Shooting victim facing further victimization by bureaucracy
By Steve Arstad
Wayne Belleville of Oliver continues to recover after a shooting incident that took place on July 22 in the mountains above Oliver.
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August 14, 2015 - 8:00 PM
PENTICTON - The man allegedly shot by prolific offender Ronald Teneycke finds himself frustrated by bureaucracy as he continues to heal from the harrowing experience.
Wayne Belleville, 58, says he’s not quite ready to talk about being shot by Teneycke after meeting the man on a remote logging road above Oliver on July 22.
As he recovers from his ordeal, he says he's finding the bureaucracy at the Insurance Corporation of B.C. to be vexing and insulting as he tries to get compensation for the truck and tools he claims Teneycke wrecked.
“It’s been weeks and no estimator has looked at my truck. It’s insulting not to have this expedited and treated like an accident," Belleville says. "This happened during an armed robbery where I was shot. If it wasn’t for the support of the community, I’d be in trouble.”
Belleville says he came across the career criminal on a remote logging road in the mountains east of Oliver. Tenecyke said he was part of a grouse hunting expedition and had become lost in the bush. When Belleville tried to run away, he was shot in the back with a .22 rifle.
He continues to recover from the shooting, which resulted in bullet fragments entering his spleen and lung. A bullet fragment in his hip left him with an incision, which took 38 staples to close.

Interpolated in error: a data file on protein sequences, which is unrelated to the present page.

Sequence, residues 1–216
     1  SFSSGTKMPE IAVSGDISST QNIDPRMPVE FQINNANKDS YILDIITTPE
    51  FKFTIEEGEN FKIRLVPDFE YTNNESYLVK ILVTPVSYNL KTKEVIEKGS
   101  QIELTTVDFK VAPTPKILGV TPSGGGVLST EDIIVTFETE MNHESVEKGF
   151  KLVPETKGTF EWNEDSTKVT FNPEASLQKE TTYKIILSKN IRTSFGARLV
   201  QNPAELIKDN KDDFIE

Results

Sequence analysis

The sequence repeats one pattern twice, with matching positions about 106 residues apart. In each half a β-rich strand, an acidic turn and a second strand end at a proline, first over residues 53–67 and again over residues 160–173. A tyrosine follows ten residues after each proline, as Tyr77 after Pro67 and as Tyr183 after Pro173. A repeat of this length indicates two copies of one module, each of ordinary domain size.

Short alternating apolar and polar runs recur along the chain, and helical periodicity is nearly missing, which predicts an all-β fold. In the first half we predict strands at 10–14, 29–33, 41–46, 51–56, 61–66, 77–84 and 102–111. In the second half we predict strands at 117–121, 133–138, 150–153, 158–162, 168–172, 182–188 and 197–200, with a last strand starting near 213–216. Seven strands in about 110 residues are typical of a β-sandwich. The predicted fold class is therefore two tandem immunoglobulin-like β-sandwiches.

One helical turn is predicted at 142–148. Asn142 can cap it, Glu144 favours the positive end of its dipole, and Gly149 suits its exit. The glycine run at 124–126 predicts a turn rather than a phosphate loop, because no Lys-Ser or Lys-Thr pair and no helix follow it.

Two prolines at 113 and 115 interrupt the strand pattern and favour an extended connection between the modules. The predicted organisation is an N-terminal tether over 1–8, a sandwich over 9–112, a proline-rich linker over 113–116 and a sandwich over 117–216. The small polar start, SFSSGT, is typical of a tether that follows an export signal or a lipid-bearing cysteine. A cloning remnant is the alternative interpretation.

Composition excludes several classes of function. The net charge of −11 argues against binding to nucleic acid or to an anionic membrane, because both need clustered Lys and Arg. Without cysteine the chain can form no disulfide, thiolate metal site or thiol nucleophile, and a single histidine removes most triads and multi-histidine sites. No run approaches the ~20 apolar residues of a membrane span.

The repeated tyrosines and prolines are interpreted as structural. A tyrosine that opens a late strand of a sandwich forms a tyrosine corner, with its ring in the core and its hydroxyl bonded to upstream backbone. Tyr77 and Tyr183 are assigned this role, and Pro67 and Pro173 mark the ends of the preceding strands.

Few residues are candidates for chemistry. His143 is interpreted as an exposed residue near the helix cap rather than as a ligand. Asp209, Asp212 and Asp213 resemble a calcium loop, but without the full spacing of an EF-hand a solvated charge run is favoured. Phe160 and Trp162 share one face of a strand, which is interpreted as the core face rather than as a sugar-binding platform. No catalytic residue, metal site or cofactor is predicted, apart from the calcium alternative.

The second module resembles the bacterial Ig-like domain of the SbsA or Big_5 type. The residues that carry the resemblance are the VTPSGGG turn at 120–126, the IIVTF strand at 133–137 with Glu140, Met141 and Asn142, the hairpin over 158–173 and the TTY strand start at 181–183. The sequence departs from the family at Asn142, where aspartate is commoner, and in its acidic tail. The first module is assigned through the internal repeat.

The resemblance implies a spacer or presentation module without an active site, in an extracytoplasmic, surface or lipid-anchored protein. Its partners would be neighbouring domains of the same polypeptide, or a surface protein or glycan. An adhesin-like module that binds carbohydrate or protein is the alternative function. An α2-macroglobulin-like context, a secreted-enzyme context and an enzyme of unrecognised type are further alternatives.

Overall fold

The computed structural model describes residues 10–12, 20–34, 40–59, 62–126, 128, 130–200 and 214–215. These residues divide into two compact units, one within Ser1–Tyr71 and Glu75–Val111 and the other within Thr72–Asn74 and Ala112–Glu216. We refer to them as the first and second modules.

“The physical part of healing has been going all right. I’m healing that way at an accelerated rate," he says. "It’s the psychological part that’s not so good,” says Belleville.
Belleville is also frustrated by the legal system, upset Tenecyke was not charged with attempted murder.
“They (Crown) didn’t even bother to tell me they weren’t charging him. I found out through the media,” he says, adding the RCMP told him they were recommending charges of attempted murder.
“I only spent limited time with him and I can tell you he’s a complete sociopath, lacking any concern or empathy for anyone,” he says.
On a positive note, Belleville says he feels like he "won his life in a lottery” by surviving an encounter with a man like Teneycke under the circumstances he did.
“Everything is healable and I’m taking some comfort knowing he’s in a cell for 24 hours a day, seven days a week."
To contact the reporter for this story, email Steve Arstad at firstname.lastname@example.org or call 250-488-3065. To contact the editor, email email@example.com or call 250-718-2724.
News from © InfoTel News Ltd, 2015